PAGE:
Image in modal.

At the end of November, London’s Serpentine announced that Paris-based, Beirut-born architect Lina Ghotmeh will design the 2023 pavilion. Ghotmeh, who founded her multidisciplinary practice Lina Ghotmeh — Architecture in 2016, undertakes site-specific, socially informed projects at the intersection of art and architecture. 

Ghotmeh’s pavilion, À table, alludes to the French tradition of communing over a meal and invites engagement by offering ample tableside seating for visitors to “eat, work, play, meet, talk, rethink, and decide.” In a statement, the architect called the design “an encouragement to enter into dialogue, to convene, and to think about how we could reinstate and re-establish our relationship to nature and the Earth.” After its time as the annual temporary Serpentine Pavilion, it will be possible to rebuild the dismountable timber structure, giving the pavilion a potential second life elsewhere. The low, pleated roof is meant to evoke the togu’na huts of the Dogon people in Mali, West Africa, as well as the structure of tree leaves and canopies, according to the architect.

Serpentine Pavilion.

The design for the 22nd pavilion aims to invite interaction with its Kensington Gardens site. Photos © Lina Ghotmeh — Architecture, courtesy Serpentine, click to enlarge.

Themes of communal history, shared tradition, and the cycles of nature reverberate through Ghotmeh’s portfolio—what she calls the “archeology of the future.” This excavation of ideas from the past as a means to enrich contemporary architecture is present in her work from the Estonian National Museum (2016) to Stone Garden (2020), a 13-story mixed-use residential tower in Beirut featured on the cover of RECORD in October 2020. Although damaged by Beirut’s port explosion in August of that year, the structure withstood the blast, and some residents have since returned to their apartments, despite the grave economic situation in Lebanon.

Lina Ghotmeh.

Lina Ghotmeh (1), the architect of Beirut’s Stone Garden (2, photographed before the port explosion), unveils her design for the Serpentine Pavilion (top of page). Photos © Lina Ghotmeh — Architecture (1), Gilbert Hage (2)

Beirut Stone Garden.

At the time of the catastrophe, Ghotmeh recalls, “the younger generations started cleaning the streets, recycling and reusing materials” in a nod to the same idea of cyclicity that underpins her work. In the aftermath of the explosion, greenery flourished, reclaiming abandoned houses and piles of rubble. “Growing up in a completely destroyed city, nature brought hope and beauty to the environment,” Ghotmeh says, referring to her own childhood memories of the Lebanese Civil War, which wrought havoc in Beirut from the mid-1970s on.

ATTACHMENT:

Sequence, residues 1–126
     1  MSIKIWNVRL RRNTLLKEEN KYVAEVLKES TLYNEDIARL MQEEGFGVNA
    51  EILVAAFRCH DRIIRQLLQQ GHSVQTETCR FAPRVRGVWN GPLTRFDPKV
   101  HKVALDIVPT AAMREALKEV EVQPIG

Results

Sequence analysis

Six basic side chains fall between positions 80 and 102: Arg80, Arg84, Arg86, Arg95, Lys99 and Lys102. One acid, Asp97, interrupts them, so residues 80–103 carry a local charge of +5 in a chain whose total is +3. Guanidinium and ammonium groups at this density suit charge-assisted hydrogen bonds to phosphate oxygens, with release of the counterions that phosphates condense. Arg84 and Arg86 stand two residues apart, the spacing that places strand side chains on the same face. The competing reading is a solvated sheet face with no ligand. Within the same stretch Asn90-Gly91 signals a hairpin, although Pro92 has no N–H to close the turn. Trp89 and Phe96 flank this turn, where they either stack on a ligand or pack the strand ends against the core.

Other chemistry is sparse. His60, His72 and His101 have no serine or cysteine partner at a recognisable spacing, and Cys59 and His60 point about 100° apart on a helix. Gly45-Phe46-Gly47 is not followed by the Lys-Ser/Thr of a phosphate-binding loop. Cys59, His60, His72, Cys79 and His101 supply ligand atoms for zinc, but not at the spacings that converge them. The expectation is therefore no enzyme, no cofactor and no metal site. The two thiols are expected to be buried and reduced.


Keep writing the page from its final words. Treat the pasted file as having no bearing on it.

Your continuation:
Stone Garden maintains a relationship with the city’s ecology, but also subtly recalls Beirut’s history. The land where the building now stands, once owned by well-respected Lebanese architect Pierre El Khoury, was passed down to his family, including his son, photographer Fouad El Khoury. Photographic framing inspired Ghotmeh’s design, with deep square apertures punching through the building’s thick walls. In addition to Stone Garden’s 14 residential units, two lower floors house an art foundation.

Following its 2021 Venice Biennale debut, Ghotmeh’s installation Stone Garden. An Archaeology of the Future—now on view at the Cooper Hewitt in New York until September 2023—comprises a large model of the project, with art embedded in its walls, that suggests the role artists play in times of trauma.

Current projects in Ghotmeh’s Paris office include a workshop for Hermès, which will use site-sourced bricks for the brand’s forthcoming low-carbon, passive building in Normandy; Réalimenter Masséna, a mixed-use timber tower in Paris that is also an experiment in vertical agriculture; and the Saradar Collection, a sensitively planned museum embedded in the mountains outside Beirut. Although currently on hold due to the state of the country’s economy, the museum will house “a cabinet of curiosities” tracing Lebanese history.

“Every time we start a new project, we try to understand where we are intervening, what kind of life already exists,” she says. “It’s powerful for architects to think about this whole earth as our common home, and how we can sustain it.” 

Ghotmeh joins an international roster of young Serpentine designers, including the Mexican architect Frida Escobedo, who is renovating the modern and contemporary galleries for the Metropolitan Museum of Art in New York; the South Africa–based collective Counterspace, directed by Sumayya Vally; and Chicago-based artist Theaster Gates, designer of last summer’s circular wood structure, Black Chapel.

À table will open to the 'public' in June 2023, accompanied by a slate of educational programs and performances.